HP " Nog ""à" MmG/L) U; can be approximated, with an error less than 4%, by
In the general case where the equilibrium line is curved
(Fig. 2), the values of dn given by Eq.(5) and by Eq. n = -TjfiNoo + Nol) (14).
(6) are very slightly different, because the values of m Then,
at the points (x,y*) and Cr*, y)9 i.e. dy*/dx and Jy/
(ij:*, are not exactly equal. However, if ttif, the slope
of the cord joining the points Or, y*) and (^:*,3;), is
Hp 2 \Hog Hol /
substituted for both dy*Idx and dyldx*\ the values of Thus, Hp is approximately equal to the harmonic mean
dn by Eqs.(5) and (6) become identical. The error of Hog and Hol. This relationship is useful in under-
involved in this procedure can be shown to be insignifi- standing the characteristic variation of Hp values.
cant. Thus, integrating Eq.(5) with tuf in place of m
and combining it with the definition of Nog, one ob- Variations of H.E.T.P. and H.T.U. Values
tains
It is a known fact that the value of Hog or Hol in a
Hog_ n _)yn In(mFG/L) y*-y /qn packed column varies greatly with mFG/L. The reason
is evident from the relationships :
Hog = Ho- + (jhFG/L)HL (16)
Since \_(mFG/L) - 1]/In(jnFG/L) is the logarithmic Hol = Hg/(MfG/L) + Hl (17)
meanof ttifG/L and unity, it can be approximated by Since the variation of (jnFG/L) affects Hog and Hol in
the arithmetic mean of mFG/Land unity with an error the opposite way, the variation of Hp, which nearly
less than 4% in case the value of mFG/L lies between equals the harmonic mean of Hog and Hol, is very
0.5 and 2.0, which is usually the case in practice. slight.
Thus Figs. 3-a, 3-b and 3-c show how the values of Hp
[Vn(mFG_ l\ dy and Hog vary with ttIfG/L, when two of the three
n Hog^J^0V2L +2/.y-;y variables i?, G, and L are kept constant. The curves
A^oo Hp "" [Vn dyå å å ""
in these figures are based on calculations by-.Eqs. (12) and
(16) with the arbitrary assumptions that Hg is propor-
tional to G°'4L~0-3 and HLis proportional to L0 3. Figs.
_^/^_J,0_yL-3L 1 3-a, 3-b, and 3-c, respectively, are for the cases where
" 2 [**_dy_+2 W
the ratio Hg/Hl is 1/2, 1, and 2 when mFG/L is equal
to unity. The values of HG° and HL°, i.e. the Hg and
The value of m^ varies considerably with composition, Hl values at mFG/L=l were taken as the bases for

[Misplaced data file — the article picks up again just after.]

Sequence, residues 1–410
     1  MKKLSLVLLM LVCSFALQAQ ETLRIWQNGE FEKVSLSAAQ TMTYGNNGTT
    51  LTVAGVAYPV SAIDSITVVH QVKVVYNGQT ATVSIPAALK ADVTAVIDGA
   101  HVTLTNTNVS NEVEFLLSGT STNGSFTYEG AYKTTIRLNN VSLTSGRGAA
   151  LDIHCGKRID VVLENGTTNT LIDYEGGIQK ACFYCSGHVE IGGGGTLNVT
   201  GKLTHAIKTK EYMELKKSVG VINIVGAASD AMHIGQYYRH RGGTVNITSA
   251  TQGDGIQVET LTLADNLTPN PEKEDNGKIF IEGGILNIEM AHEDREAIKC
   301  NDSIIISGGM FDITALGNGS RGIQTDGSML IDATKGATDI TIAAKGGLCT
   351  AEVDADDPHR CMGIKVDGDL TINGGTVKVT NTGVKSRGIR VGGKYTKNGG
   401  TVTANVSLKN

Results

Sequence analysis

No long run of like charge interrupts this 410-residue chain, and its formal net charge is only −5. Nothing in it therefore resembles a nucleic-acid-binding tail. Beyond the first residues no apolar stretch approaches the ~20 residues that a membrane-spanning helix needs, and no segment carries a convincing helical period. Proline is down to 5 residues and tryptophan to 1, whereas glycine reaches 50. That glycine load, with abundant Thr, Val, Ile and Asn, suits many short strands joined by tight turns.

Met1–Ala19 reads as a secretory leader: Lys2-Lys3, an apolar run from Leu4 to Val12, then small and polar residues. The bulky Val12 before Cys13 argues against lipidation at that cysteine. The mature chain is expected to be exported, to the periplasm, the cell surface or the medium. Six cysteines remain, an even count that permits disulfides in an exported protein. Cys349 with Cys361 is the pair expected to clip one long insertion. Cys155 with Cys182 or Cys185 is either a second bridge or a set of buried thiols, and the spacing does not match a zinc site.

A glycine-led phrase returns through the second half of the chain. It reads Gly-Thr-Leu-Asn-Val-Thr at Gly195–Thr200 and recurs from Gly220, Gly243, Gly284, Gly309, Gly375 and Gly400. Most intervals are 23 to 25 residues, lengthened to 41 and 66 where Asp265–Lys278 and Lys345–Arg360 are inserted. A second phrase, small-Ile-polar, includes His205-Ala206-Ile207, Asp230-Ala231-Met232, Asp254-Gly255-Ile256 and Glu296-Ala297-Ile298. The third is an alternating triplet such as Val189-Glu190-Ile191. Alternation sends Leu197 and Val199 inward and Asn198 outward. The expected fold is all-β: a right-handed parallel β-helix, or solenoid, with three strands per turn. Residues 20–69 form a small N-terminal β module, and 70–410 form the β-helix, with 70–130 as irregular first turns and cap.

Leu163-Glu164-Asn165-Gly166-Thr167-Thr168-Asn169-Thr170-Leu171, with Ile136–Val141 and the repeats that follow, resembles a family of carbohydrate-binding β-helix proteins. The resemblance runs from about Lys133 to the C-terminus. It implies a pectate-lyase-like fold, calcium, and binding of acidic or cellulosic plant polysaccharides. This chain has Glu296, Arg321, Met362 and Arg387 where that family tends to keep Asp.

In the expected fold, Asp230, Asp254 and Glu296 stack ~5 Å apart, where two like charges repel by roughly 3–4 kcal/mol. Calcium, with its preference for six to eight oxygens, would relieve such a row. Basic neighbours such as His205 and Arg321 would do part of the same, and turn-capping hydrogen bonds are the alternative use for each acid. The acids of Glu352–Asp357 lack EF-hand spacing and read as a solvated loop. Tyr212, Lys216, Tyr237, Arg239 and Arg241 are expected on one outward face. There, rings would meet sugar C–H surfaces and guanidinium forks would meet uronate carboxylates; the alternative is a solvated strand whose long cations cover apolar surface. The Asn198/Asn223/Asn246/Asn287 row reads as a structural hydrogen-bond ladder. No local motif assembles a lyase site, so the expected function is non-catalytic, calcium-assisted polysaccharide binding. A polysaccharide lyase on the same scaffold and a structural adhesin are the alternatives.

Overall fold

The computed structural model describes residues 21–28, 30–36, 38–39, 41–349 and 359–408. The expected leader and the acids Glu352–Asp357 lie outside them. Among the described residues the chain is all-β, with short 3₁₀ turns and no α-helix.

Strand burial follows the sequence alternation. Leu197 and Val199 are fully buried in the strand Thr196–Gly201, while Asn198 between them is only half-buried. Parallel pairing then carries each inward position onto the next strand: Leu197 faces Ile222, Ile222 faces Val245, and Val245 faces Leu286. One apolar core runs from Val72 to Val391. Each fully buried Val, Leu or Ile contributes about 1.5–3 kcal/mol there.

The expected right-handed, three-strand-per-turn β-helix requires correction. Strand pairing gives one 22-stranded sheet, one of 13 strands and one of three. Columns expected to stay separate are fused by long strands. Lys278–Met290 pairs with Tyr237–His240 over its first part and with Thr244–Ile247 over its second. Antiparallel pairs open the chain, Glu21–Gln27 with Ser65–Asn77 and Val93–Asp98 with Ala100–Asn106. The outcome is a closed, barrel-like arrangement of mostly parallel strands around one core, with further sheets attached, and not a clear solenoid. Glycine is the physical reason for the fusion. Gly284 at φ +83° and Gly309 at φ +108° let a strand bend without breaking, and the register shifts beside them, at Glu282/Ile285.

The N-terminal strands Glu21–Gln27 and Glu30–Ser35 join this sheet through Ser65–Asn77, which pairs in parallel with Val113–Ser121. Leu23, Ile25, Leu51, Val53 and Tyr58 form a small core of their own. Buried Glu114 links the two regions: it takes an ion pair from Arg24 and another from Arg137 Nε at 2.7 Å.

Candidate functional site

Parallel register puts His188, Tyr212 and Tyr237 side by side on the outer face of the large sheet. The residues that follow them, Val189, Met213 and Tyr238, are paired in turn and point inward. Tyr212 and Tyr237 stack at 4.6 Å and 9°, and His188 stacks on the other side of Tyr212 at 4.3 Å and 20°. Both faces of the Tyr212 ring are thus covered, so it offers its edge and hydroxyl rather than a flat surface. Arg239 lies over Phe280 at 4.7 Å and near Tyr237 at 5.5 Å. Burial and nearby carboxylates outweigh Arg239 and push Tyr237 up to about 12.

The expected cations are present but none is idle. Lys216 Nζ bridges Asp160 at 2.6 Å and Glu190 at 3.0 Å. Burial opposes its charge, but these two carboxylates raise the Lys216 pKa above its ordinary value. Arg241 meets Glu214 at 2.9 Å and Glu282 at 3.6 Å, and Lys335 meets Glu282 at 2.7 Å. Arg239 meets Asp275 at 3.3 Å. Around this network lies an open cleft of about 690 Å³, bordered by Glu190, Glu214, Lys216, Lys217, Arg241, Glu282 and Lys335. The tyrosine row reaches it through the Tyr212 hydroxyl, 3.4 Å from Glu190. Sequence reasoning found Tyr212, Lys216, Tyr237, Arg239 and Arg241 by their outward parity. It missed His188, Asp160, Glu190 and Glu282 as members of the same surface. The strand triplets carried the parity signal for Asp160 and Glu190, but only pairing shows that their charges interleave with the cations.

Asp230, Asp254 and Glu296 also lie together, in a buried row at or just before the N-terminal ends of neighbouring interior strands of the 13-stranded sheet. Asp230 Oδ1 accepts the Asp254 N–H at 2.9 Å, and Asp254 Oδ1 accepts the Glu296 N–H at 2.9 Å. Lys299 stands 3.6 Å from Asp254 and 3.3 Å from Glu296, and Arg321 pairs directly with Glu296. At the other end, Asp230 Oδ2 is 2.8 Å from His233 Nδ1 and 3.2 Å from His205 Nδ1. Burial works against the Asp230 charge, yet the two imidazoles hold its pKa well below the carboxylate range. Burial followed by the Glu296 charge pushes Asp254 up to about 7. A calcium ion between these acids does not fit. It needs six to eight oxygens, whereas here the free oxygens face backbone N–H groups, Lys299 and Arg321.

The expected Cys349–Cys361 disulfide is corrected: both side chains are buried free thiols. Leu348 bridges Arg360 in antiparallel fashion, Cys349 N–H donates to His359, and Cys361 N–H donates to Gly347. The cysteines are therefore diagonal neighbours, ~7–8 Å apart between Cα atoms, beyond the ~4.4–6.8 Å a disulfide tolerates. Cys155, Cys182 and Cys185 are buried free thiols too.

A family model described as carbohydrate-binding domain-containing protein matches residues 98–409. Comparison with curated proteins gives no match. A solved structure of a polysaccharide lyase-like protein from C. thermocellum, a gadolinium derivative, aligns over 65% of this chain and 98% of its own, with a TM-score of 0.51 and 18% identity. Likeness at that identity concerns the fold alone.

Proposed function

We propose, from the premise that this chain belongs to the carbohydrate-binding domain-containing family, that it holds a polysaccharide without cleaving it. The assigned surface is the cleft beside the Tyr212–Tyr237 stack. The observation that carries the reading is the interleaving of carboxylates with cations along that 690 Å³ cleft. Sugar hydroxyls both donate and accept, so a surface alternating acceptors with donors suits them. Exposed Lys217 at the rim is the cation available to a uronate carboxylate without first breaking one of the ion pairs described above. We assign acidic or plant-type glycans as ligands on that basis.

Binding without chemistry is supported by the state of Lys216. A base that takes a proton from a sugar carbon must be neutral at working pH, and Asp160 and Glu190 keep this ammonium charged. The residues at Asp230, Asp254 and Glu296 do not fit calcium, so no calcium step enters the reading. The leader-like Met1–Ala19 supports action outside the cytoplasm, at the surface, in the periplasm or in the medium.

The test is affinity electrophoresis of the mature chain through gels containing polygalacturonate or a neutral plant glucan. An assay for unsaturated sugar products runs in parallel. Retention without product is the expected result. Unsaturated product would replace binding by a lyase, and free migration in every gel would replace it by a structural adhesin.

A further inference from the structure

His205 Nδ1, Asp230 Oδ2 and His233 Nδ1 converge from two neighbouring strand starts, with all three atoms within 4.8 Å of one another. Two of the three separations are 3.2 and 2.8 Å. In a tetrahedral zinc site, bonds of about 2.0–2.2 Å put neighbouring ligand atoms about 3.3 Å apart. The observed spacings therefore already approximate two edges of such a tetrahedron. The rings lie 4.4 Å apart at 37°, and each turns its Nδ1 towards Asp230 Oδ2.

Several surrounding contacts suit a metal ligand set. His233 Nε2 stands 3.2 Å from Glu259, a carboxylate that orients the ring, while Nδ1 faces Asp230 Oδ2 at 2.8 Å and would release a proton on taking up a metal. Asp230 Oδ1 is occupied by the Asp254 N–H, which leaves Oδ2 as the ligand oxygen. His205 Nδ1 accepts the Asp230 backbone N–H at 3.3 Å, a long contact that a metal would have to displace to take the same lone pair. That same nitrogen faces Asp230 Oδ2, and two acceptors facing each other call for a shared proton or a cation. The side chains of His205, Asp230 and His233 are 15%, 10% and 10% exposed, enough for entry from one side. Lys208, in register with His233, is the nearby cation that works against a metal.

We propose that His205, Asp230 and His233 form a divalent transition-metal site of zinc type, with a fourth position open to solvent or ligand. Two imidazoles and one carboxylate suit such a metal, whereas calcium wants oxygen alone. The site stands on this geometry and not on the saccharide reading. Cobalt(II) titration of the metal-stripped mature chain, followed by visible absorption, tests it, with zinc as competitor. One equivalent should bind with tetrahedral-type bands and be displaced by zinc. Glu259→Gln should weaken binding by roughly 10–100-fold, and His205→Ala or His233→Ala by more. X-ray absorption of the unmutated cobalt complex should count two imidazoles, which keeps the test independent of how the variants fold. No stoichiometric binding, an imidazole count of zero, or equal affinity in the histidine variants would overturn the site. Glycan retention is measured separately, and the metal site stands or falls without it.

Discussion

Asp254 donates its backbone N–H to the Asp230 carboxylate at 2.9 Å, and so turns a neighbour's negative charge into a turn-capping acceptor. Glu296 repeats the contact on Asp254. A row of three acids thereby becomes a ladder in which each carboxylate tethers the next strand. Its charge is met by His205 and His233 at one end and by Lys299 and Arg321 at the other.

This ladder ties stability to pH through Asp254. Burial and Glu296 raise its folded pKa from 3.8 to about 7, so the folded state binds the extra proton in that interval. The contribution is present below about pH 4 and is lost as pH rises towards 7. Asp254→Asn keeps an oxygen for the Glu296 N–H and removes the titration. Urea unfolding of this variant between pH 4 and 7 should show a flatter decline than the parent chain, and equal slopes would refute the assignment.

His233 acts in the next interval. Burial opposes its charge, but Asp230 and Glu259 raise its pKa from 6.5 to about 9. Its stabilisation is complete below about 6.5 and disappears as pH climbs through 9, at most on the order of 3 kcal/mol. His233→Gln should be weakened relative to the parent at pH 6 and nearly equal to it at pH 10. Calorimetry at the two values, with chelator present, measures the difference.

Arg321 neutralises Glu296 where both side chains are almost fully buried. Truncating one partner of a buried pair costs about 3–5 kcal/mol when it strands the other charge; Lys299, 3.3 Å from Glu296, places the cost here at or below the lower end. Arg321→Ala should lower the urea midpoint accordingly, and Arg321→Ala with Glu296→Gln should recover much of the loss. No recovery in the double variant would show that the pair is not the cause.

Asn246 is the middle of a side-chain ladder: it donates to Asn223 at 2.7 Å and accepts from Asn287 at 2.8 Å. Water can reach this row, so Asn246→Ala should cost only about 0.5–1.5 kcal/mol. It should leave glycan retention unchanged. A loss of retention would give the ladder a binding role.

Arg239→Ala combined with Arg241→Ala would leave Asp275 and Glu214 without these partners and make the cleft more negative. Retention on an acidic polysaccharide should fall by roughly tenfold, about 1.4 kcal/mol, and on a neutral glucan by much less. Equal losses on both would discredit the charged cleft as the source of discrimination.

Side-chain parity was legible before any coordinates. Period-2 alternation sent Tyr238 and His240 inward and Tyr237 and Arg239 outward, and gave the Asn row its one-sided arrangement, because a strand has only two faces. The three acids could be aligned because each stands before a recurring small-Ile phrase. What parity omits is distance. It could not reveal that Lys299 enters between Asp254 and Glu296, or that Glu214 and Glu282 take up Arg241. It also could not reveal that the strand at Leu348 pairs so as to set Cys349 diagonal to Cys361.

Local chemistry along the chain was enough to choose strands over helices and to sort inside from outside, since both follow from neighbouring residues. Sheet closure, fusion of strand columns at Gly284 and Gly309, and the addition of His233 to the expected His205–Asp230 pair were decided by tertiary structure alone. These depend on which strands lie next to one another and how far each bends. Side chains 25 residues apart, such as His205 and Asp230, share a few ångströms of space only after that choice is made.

if the curvature of the equilibrium line is large. Furnas comparison. For the variation of tufG/L from 0.5 to
VOL.1 NO,1 1968 43
Fig. 3-a Variations of HP and Hog with mpG/L when Fig. 3-b Variations of Hp and Hog with m^G/I. when
HG°/HL°= 1/2 at mF°G0/L°= \ HG°/HLQ= i at mF°G0/L0= i

might be more practical for the design of packed columns


than the use of Hog or Hol.

Nomenclature

G = molal gas rate [kg-mole/m2-hr]


Hg = height of a gas phase transfer unit [m]
HL = height of a liquid phase transfer unit [m]
Hog - height of an over-all transfer unit based on gas
phase [m]
Hol = height of an over-all transfer unit based on
liquid phase [m]
HP = height equivalent to a theoretical plate [m]
L = molal liquid rate [kg-mole/m2-hr]
m = slope of equilibrium curve [-]
mF =slope of cord joining points (x,y*)-and (x*,y) [-]
mF = average slope of equilibrium curve denned by
Eq. (lO) [-]
n = number of theoretical plates [-]
Nog - number of over-all transfer units based on gas
phase [-]
Fig. 3-c Variations of Hp and Hog with mpG/L when Nol = number of over-all tranrfer units based on
liquid phase [-]
HG°/HLQ=2 at mF°G°/L°= I
x = mole fraction of more volatile component in
liquid [-]
x* = composition of liquid in equilibrium with
2.0 the variation of Hog is several times greater than vapor of composition y [-]
y =mole fraction of more volatile component in gas [-]
that of Hp. Similar calculations based on the same y* = composition of vapor in equilibrium with liquid
assumptions indicate that Hp varies muchless than Hol I .
of composition
=?nG/L
x [-]
[-]
with mFG/L.
These calculations indicate that Hp is generally less Superscrip t
° ' '' = value at base conditions
sensitive than Hog or Hol to variations of operating or
design conditions and/or of compositions, except when
Literature Cited
either the gas or liquid phase resistance is controlling.
The use of Hp combined with the number of theoreti- 1) Furnas, C.C, and M.L. Taylor: Trans. Am. Inst. Chem.
cal plates counted by stepwise graphical construction Engrs., 36, 135 (1940)

44 JOURNAL OF CHEMICAL ENGINEERING OF JAPAN